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Super Princess Peach

For several decades now, Princess Peach has been stuck on the sidelines, serving not only as the Princess of Mushroom Kingdom and the love interest of Mario, but also as a simple plot device for countless Mario games. We as gamers have been saving Princess Peach from the clutches of Bowser since the 1980s. The poor lass has only been out of the clutches of evil for a few brief moments in her lengthy existence and has never officially starred in her own, unique game until last year with the release of Super Princess Peach on the DS. It was a long time coming, considering Luigi has been featured in a couple of titles as the main character. However, the wait was well worth it, as the Princess’ game is much better than any game that Mario’s lanky brother has led (I personally disliked Luigi’s Mansion). But though it stars Princess Peach, it’s not a “girl’s game.” Yes, the box is girly. Yes, the game features lots of bright pastel colors, enough to nauseate even the Easter Bunny at times. But who the hell cares? The bottom line is that while this is a cute game, it’s also an addictive platformer with a ton of levels that you will enjoy.


The plot is simple and effective. You’re Princess Peach, and it’s your turn to save the day. Armed with a talking umbrella that serves as both a guide and a weapon, you must travel through Vibe Island, a strange island off the coast of the Mushroom Kingdom and rescue Mario, Luigi and several loyal Toads that were captured during Bowser’s attack on the Princess’ castle. Princess Peach escaped the assault and now must travel through eight different environments, from sandy lagoons to lava-filled volcanoes to rescue her friends and defeat Bowser. Along the way, she’ll also figure out some of the secrets behind her incredible umbrella and also stomp out several of Bowser’s most devious allies. After battling her way through more than forty stages, Princess Peach will face a final confrontation that will determine the life of her love.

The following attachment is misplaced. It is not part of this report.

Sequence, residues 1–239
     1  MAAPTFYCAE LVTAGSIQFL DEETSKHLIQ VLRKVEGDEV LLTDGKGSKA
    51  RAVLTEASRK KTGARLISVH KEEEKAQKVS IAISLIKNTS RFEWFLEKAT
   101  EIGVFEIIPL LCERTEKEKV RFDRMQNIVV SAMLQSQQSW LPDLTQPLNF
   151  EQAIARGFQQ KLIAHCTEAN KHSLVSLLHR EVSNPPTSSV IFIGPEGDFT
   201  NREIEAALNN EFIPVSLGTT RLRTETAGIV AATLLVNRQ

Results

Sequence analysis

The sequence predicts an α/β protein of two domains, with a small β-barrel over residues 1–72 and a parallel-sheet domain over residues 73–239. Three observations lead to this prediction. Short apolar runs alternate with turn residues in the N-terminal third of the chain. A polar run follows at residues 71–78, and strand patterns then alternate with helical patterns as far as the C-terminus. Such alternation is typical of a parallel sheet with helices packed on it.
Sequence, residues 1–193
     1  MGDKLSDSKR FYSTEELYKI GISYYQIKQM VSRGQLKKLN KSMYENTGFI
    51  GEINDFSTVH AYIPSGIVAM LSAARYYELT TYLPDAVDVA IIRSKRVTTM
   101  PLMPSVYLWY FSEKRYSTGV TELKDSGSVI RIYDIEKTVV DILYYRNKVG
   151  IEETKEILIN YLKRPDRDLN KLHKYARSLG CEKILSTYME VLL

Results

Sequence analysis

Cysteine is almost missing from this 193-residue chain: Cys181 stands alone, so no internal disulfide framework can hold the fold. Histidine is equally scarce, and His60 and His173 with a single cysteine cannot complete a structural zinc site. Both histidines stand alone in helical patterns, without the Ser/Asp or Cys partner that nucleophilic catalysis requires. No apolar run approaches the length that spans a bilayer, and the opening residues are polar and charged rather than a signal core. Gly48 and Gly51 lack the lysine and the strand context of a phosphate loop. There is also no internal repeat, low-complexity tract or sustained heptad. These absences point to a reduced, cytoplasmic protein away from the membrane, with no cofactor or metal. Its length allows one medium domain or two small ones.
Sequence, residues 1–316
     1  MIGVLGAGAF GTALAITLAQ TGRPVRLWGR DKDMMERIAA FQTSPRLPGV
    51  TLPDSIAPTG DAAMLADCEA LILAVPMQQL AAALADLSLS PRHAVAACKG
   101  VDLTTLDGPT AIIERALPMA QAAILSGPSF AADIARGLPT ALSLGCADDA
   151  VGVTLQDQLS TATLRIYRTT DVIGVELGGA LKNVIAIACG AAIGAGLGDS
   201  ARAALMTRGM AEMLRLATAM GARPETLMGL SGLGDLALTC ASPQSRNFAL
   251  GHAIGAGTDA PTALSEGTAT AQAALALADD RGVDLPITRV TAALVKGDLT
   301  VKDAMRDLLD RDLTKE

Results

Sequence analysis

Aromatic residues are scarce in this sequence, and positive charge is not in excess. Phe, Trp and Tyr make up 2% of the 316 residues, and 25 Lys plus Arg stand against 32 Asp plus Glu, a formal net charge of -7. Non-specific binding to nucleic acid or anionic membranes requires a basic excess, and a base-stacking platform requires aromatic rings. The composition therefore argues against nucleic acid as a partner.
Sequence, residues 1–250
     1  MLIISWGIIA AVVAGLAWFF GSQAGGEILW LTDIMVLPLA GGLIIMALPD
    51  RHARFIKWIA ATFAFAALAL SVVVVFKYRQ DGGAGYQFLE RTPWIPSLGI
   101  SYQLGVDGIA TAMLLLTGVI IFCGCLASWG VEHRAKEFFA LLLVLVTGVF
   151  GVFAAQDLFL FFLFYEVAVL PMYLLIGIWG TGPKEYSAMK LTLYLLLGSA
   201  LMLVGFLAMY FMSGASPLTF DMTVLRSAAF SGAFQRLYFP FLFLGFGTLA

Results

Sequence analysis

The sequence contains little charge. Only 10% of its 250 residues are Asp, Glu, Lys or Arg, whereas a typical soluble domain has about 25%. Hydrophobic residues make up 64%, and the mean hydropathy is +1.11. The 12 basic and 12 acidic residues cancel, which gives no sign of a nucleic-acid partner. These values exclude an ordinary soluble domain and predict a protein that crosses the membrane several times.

The first thing I noticed while playing Super Princess Peach is how different it was from traditional Mario platformers. Your time in each stage is no longer limited by a timer in the corner of the screen, which leaves you free to explore impressively large stages to your heart’s content. No longer do you need to worry about continues and lives, as both have been eliminated in favor of a health system more in line with The Legend of Zelda than Super Mario Bros. Also eliminated are the mushrooms, flowers, and stars that have super-powered Mario for years. Instead, you use Princess Peach’s Vibe powers, or really, emotional powers, to conquer your foes and solve puzzles.